Employee Claims Subsidiary Of Japanese Company Unlawfully Fired Him Based On His American National Origin
Having practiced employment discrimination law for more than two decades, our Alachua County, Florida employee rights attorneys know that a common employment discrimination law myth is that individuals who were born in the United States do not fall within the protection against national origin discrimination under the federal anti-discrimination laws. Title VII of the Civil Rights Act of 1964 (Title VII) protects employees from discrimination on the basis of national origin. Under Title VII, all individuals born in the United States are protected from discrimination based on their American national origin. This means that employers cannot treat employees of American national origin differently or less favorably from employees who are not of American national origin. In this article, our Gainesville, Florida employee rights attorneys explain how the decision by the U.S. Second Circuit Court of Appeals in Brown v. Daikin America, Inc., 756 F.3d 219 (2d Cir. 2014) demonstrates that employers are prohibited from impermissibly discriminating against employees of American national origin.
Employee Claims Discriminatory Discharge
In that case, Todd Brown (Brown) brought an employment discrimination lawsuit against his former employer, Daikin America, Inc. (Daikin), pursuant to Title VII. Brown claims that Daikin violated Title VII by terminating his employment because of his American national origin. Daikin, which manufactures and sells chemical products, is a Delaware corporation headquartered in New York. Daikin is a wholly-owned subsidiary of Daikin Industries, Ltd. (DIL), a Japanese corporation based in Japan.
Brown worked in Daikin’s New Business Development Group (the Group) from 2001 until 2009, when he was discharged as part of a company-wide reduction in force. During his employment with Daikin, Brown’s performance reviews were consistently positive. In February 2009, when Brown’s employment with Daikin ended, the Group consisted of six employees, three of whom were of American national origin and three of whom were of Japanese national origin. Each of the Japanese employees in the Group previously worked for DIL in Japan but was assigned to Daikin “to act as Daikin’s employee” while in the United States. Such inter-company “rotational assignments” lasted a period of years.
As a result of the 2009 workforce reduction, the employment of Brown and one other employee of American national origin in the Group was terminated. The remaining employee of American national origin was transferred out of the group, leaving three employees of Japanese national origin employed in the Group. During the same reduction in force, Daikin also terminated employees in three other business groups. In total, seven employees of American national origin lost their jobs in the reduction in force, but no Japanese employees were terminated. Brown claims that, for discriminatory reasons, Daikin did not consider terminating any of the rotational employees of Japanese national origin or any employees of Japanese national origin who had been hired directly by Daikin. Instead, according to Brown, Daikin selected him for termination as part of the reduction in force because of his American national origin without considering similar action against employees of Japanese national origin.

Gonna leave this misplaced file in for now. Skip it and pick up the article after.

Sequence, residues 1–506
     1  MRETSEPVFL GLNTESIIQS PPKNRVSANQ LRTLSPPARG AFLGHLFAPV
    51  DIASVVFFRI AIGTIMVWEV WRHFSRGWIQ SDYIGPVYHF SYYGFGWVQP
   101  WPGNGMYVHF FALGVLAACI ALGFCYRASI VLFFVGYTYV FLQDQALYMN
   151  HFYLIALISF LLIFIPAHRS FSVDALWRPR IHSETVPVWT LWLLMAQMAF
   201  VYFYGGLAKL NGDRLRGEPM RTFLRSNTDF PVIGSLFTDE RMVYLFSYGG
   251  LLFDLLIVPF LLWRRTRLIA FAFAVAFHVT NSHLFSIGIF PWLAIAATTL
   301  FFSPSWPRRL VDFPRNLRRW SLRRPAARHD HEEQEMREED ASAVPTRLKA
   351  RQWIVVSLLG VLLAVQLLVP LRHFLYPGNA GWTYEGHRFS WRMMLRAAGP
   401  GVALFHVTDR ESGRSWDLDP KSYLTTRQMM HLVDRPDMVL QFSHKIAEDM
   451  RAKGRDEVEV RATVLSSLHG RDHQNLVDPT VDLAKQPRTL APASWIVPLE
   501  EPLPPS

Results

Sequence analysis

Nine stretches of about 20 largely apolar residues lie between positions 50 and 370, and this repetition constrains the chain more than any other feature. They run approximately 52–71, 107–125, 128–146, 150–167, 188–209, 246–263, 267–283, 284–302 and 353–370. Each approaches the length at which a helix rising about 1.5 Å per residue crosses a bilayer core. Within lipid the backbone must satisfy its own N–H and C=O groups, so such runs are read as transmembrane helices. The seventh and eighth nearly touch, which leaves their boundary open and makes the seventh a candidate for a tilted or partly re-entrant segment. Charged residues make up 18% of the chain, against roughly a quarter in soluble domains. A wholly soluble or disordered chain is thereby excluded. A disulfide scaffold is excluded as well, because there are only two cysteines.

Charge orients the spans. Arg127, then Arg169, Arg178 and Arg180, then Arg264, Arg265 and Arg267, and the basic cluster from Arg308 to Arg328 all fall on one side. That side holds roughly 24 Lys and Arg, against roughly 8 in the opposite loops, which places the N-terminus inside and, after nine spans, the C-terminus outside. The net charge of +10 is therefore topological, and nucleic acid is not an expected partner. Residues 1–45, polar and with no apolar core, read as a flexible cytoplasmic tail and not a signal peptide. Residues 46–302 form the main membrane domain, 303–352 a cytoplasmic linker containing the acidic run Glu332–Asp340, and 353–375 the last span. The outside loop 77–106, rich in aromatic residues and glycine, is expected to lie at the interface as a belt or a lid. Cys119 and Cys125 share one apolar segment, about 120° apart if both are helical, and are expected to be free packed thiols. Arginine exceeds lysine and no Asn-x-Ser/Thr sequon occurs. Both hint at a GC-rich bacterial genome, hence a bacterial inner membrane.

Other Employees Given Preferential Treatment
Daikin filed a motion with the trial court seeking dismissal of Brown’s national origin discrimination claim. The trial court granted Daikin’s motion for dismissal. On appeal, the Second Circuit reversed the trial court’s decision and reinstated Brown’s national origin discrimination claim. In finding that Brown had alleged sufficient facts to establish that he was terminated because of his American national origin, the appellate court focused on Brown’s allegations that Daikin gave preferential treatment to employees of Japanese national origin. The court of appeals observed that Brown alleged that Daikin did not consider any employees of Japanese national origin for downsizing and did not terminate any of employees of Japanese national origin as a result of the workforce reduction. Based on these allegations, the Second Circuit concluded, Brown had established a prima facie case of discriminatory discharge under Title VII and the trial court had improperly dismissed his national origin discrimination case.
Consult With Gainesville Employee Rights Lawyers
Based in Ocala, Florida and representing employees throughout Central Florida, our Alachua County, Florida employee rights attorneys have been fighting for employment discrimination victims for more than twenty years. If you have been discriminated against based on your American national origin or have questions about your protection against national origin discrimination under the federal anti-discrimination laws, please contact our office for a free consultation with our Gainesville, Florida employee rights lawyers. Our employee rights law firm takes employment discrimination cases on a contingency fee basis. This means that there are no attorney’s fees incurred unless there is a recovery and our attorney’s fees come solely from the monetary award that you recover.